through the elevation of the water level. A new dam inserted into the existing reservoir creates this effect while providing insurance against failure of the dam on the south end of the reservoir from an earthquake.

proposed water level new cap existing water level new dam reservoir excavation fill on east side

cleaned water for recreation cleaned water for city use new dam superfund site fill on west side

existing reservoir edge

reservoir cross section

water level and new insertion diagram

no scale


existing reservoir

proposed reservoir

water level

water level

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canal cross section A ring walkway on the dam accesses levels containing research,

meeting and demonstration rooms with interpretive materials illustrating pollution ecologies and abatement techniques. The bridge and canal isolate people from toxic materials being remediated, while rooms give information on the materials and processes involved.


Large areas are hard to get in site design. Linear pods (6’ x marginalized, with little spaces remaining. Researchers need example, round test pods can test exposure, while linear forms 20’)can be purchased for research in canal tiers. These spaces to discover the role species types, light, topography and (shown in last image in row) can test for depth of water as it pods reflect what designers find on sites: the landscape elevation play in remediative processes. Test pods can have relates to phytoremediative capacity for pollution abatement. several configurations of landform for experimental purposes. For

landform test pods for canals

model views

not to scale


poplar row

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ramp

plant gurney P h y t o r e m e d i a t i o n

landform and plant height testing

drop in plant test tank

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pl ant Pa le t tes inside the canal On the left, scaffolds are research areas for architectural

facades. On the right are the landform test pods. The base channel of the canal is ‘polishing’ the water after remediation in the test pods.

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inside canal The movement system to the canal displays the cycle of pollutants.

The bridge floor encases the prime suspects in water pollution in a gabion floor. One gabion may contain brake shoes, which can release zinc into water systems.

The test pods below the bridge can show the plants that remediate the zinc. The interpretive rooms can further explicate this process of zinc remediation; the pollution ecology is legible through this system.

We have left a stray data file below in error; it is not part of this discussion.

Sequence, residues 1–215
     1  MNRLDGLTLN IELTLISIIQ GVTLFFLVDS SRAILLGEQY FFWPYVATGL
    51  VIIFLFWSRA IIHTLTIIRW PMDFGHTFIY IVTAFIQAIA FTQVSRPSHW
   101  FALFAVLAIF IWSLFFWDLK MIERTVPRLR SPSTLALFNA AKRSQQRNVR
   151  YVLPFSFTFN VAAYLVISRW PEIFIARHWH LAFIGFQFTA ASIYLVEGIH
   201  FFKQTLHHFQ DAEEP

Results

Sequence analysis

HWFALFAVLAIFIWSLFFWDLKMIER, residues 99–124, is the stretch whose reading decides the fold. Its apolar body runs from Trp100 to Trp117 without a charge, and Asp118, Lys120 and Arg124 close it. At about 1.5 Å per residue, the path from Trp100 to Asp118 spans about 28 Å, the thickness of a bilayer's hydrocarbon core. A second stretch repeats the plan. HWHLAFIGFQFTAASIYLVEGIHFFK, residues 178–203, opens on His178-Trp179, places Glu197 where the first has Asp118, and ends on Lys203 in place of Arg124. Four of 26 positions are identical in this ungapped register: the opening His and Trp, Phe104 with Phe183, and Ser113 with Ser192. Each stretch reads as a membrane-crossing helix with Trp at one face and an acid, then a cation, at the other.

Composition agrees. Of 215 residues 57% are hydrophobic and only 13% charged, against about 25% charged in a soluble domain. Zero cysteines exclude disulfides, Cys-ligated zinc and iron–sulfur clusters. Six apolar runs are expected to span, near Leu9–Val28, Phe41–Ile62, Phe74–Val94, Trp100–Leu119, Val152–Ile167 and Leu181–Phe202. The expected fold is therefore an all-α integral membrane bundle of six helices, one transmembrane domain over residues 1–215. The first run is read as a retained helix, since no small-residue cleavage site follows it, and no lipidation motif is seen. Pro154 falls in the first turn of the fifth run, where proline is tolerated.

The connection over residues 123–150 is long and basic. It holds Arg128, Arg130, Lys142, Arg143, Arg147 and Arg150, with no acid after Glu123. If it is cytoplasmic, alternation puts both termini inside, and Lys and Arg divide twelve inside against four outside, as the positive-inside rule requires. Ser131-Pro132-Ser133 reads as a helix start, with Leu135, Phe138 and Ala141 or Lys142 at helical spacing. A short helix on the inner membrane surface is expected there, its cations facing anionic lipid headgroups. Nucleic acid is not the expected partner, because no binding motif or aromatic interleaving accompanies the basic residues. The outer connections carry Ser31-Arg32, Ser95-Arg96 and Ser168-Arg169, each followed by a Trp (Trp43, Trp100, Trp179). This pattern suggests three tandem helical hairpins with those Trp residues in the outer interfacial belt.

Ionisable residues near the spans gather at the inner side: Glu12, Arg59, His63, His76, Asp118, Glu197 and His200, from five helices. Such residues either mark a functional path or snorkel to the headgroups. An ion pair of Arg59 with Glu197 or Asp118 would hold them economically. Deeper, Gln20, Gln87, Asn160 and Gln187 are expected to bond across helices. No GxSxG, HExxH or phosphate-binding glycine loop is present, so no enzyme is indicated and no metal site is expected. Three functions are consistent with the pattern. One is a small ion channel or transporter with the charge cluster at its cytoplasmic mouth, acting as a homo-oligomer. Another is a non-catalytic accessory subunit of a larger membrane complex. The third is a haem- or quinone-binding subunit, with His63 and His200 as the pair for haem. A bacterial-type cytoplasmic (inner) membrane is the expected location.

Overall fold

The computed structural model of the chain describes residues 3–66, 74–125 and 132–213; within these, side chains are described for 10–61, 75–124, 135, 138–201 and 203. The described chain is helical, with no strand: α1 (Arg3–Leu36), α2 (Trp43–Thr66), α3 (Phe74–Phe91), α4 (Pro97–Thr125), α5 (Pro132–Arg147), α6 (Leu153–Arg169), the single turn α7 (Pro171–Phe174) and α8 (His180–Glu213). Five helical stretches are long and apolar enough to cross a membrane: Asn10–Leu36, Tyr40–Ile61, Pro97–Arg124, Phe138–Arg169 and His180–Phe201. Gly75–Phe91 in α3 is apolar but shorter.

maintenance barge information entry

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outside face. The inside canals are wider than a bobcat to facilitate the creation of different earth forms for study.


bird’s eye view of north end of reservoir

view along walk to exotics garden with paving showing yearly rainfall amounts

ivanhoe reservoir

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exotics gurney

exotics guerney

water flows down through gabion filled with trash into water refinery outside

view inside of dam to phytoremediation garden/water refinery

cypress tree row


mel chin - revival field The first

phytoremediation landscape project is an art experiment. A collaboration between artists and scientists studies plants and rates of pollutant removal in this installation. ( photos and images by Walker Art Center and artist copyright).

dam wall

north end of reservoir A platform

connected to the dam inside of the Silver Lake Reservoir is an area to study and observe pollution ecologies and their remediative emergent or submergent organic ecosystems.

water refinery emergent

water refinery submergent

rhizofiltration


reservoir water level outside stainless steel ‘gurney’ the gurney Walking on top of

the dam next to a Cypress row, a verdant garden planted with the exotic plants of typical Los Angeles landscape appears in the distance. Upon entering the garden, a descent through to the plane below (pictured right) reveals the landscape to be delicately perched upon a stainless steel plate, supported by leaking pipes into a cracked floor. This experience alludes to Los Angeles’ arid environment. The landscapes of the city are a thin veneer of vegetation stitched to the ground with irrigation systems.

drainage/supply pipes/columns kathryn miller and michael honer - desert lawn The artists take water from the

aqueduct, racing towards desert sites, and polluting industries with a lawn on a gurney, kept alive by an intravenous water supply. (images kathryn miller).


project team research Claire Goode Tavi Perttula Tori Kjer Jaime Yamashita Angie Megert design Ken McCown

with

Kevin Hinders Andy Wilcox additional studies by

Ceanatha La Grange Leslie Lum


Silver Lake Reservoir Regeneration Plan